GreatScottgadgets.com HackRF One

GreatScottgadgets.com
HackRF One

We thought about some devices that would be worth taking a look at because you probably dont want to start reversing your car`s remote key.So we ended up analyzing “simpler” devices for training purposes and decided to mess around with a Shutter remote control and an Instant Messaging device.

The remote shutter control operates the shutter of a DSRL so you can take pictures without holding the camera in your hands. So a user could focus the cam and take pictures. An attacker on the other hand could take pictures when the camera is not supposed to or simply jam the reciever to prevent from pictures being taken. This was quite easy and worked very well, so we went on to other interesting devices…

Mike brought a modified version of the IM-Me (Instant Messenging device for children). We tried to record and analyze its signals to be able to spoof messages and run arbitrary shell commands on a remote system that has installed a special “IM-Me” Server application based on previous research. Our goal was to synthesize commands which are sent to the device e.g “ls”. The first step in doing this is to capture a clean signal and filter it properly to be able to demodulate the signal into binary data to process it further. Mike explaind pretty handy tricks to accomplish these tasks on which we will talk about in further posts, so stay tuned.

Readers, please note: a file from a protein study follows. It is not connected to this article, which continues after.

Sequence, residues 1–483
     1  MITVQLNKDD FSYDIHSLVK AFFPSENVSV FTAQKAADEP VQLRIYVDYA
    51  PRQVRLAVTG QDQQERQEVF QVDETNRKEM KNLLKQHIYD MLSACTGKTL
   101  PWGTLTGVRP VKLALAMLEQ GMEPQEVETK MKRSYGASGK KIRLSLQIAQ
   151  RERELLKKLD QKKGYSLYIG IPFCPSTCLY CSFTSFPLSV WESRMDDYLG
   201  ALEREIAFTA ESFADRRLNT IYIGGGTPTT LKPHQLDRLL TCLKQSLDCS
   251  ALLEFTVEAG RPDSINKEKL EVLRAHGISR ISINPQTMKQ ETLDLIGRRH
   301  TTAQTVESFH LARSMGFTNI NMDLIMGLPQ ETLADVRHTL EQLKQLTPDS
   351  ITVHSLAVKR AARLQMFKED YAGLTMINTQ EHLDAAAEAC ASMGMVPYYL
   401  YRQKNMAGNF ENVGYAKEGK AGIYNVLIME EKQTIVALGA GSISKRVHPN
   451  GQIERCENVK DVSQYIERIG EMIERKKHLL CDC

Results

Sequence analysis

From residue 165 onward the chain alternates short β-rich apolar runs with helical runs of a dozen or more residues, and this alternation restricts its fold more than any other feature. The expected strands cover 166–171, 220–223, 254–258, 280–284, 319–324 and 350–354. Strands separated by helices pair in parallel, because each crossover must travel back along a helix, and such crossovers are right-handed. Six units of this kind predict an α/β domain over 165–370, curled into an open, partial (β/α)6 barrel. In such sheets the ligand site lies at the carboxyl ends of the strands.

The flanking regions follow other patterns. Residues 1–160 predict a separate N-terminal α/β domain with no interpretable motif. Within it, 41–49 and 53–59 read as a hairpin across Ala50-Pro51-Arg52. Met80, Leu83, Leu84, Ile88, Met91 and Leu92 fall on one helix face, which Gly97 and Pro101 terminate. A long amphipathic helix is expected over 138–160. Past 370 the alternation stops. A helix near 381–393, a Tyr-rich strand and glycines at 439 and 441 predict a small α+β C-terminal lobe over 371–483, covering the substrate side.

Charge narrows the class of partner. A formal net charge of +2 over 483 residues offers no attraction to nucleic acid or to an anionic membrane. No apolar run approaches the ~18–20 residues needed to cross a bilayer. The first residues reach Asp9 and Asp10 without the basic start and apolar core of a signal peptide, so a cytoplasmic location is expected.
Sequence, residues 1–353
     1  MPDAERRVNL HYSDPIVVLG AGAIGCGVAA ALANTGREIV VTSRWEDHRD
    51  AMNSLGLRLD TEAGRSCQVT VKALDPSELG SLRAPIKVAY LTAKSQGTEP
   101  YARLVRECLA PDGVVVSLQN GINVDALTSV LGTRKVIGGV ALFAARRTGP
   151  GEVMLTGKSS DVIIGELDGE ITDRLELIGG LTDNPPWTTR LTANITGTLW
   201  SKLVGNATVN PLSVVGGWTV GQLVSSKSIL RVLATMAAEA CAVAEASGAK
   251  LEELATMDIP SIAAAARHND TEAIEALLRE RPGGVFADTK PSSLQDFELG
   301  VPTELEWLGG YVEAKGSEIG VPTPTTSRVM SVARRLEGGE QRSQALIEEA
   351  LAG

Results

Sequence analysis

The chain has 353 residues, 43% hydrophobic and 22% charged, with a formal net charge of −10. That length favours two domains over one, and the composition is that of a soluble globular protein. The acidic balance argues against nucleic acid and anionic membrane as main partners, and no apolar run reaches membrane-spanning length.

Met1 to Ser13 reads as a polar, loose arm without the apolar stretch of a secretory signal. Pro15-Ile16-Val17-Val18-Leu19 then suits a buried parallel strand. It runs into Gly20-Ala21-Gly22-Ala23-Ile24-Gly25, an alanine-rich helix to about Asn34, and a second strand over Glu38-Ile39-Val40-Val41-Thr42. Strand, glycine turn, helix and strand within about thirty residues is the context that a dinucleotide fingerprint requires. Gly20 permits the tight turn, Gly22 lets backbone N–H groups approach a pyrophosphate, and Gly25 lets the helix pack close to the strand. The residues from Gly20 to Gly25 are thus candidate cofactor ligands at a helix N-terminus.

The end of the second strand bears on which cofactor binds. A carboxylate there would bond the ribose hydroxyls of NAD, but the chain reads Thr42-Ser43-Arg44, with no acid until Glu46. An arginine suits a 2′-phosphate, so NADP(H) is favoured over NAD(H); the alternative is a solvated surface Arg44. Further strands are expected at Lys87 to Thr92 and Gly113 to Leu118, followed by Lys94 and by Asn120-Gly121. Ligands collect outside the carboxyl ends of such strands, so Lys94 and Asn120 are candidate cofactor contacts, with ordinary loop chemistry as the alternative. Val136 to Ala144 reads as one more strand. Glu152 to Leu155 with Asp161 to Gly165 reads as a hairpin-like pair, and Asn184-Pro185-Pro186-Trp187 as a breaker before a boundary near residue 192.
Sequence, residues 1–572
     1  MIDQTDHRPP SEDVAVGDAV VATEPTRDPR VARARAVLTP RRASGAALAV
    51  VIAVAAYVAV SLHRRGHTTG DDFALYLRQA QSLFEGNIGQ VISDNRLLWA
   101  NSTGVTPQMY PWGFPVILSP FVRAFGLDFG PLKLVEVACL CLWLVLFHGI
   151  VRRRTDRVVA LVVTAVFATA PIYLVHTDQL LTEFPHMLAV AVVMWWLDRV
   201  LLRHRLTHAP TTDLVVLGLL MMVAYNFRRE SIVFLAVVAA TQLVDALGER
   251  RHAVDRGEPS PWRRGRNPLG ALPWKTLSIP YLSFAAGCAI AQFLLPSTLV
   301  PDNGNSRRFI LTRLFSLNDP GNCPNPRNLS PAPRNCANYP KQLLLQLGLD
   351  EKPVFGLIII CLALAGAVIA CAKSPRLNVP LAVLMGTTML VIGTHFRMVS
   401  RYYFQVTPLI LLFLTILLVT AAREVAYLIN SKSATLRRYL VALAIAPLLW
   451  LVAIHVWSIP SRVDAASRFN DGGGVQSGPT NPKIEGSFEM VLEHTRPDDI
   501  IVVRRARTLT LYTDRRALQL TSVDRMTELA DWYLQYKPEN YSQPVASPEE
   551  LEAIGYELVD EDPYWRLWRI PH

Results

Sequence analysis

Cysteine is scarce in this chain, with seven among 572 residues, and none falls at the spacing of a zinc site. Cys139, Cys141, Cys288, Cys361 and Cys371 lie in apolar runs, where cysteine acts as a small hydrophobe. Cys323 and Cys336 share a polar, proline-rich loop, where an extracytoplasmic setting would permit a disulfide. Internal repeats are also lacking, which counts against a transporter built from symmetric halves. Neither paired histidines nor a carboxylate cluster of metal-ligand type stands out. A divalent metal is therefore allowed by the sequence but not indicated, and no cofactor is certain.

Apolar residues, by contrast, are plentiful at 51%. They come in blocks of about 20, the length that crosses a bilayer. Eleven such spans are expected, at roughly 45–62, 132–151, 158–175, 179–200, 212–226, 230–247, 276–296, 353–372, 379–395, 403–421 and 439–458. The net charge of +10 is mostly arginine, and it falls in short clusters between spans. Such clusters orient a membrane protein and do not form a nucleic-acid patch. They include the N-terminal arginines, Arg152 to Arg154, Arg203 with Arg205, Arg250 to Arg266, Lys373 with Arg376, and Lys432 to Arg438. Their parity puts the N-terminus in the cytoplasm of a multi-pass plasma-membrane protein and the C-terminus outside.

Im-Me

Im-Me

If yo are interested in the IM-me take a look at this and this to learn more.

So THANKS a lot Mike. It once again has been quite interesting to see
where RF testing is heading and how much more is to be learned on this field.

So long,
Wojtek & Brian